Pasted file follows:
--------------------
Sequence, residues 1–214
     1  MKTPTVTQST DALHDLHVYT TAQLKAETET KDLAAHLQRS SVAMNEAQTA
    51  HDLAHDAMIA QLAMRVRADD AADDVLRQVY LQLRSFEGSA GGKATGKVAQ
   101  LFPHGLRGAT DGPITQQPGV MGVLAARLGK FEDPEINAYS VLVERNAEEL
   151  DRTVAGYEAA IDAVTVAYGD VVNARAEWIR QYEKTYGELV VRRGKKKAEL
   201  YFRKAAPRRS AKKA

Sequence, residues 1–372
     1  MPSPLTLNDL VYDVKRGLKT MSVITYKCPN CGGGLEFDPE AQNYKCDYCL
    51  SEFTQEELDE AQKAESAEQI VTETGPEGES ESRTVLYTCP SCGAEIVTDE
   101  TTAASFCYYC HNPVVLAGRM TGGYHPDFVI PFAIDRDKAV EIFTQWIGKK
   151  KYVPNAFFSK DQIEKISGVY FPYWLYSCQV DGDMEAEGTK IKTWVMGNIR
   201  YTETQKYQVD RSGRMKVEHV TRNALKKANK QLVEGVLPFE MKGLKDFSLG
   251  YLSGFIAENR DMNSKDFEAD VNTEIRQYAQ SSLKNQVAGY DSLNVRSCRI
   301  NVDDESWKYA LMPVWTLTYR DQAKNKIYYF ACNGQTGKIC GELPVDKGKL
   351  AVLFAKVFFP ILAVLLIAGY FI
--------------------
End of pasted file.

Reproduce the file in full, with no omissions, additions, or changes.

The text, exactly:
Sequence, residues 1–214
     1  MKTPTVTQST DALHDLHVYT TAQLKAETET KDLAAHLQRS SVAMNEAQTA
    51  HDLAHDAMIA QLAMRVRADD AADDVLRQVY LQLRSFEGSA GGKATGKVAQ
   101  LFPHGLRGAT DGPITQQPGV MGVLAARLGK FEDPEINAYS VLVERNAEEL
   151  DRTVAGYEAA IDAVTVAYGD VVNARAEWIR QYEKTYGELV VRRGKKKAEL
   201  YFRKAAPRRS AKKA

Sequence, residues 1–372
     1  MPSPLTLNDL VYDVKRGLKT MSVITYKCPN CGGGLEFDPE AQNYKCDYCL
    51  SEFTQEELDE AQKAESAEQI VTETGPEGES ESRTVLYTCP SCGAEIVTDE
   101  TTAASFCYYC HNPVVLAGRM TGGYHPDFVI PFAIDRDKAV EIFTQWIGKK
   151  KYVPNAFFSK DQIEKISGVY FPYWLYSCQV DGDMEAEGTK IKTWVMGNIR
   201  YTETQKYQVD RSGRMKVEHV TRNALKKANK QLVEGVLPFE MKGLKDFSLG
   251  YLSGFIAENR DMNSKDFEAD VNTEIRQYAQ SSLKNQVAGY DSLNVRSCRI
   301  NVDDESWKYA LMPVWTLTYR DQAKNKIYYF ACNGQTGKIC GELPVDKGKL
   351  AVLFAKVFFP ILAVLLIAGY FI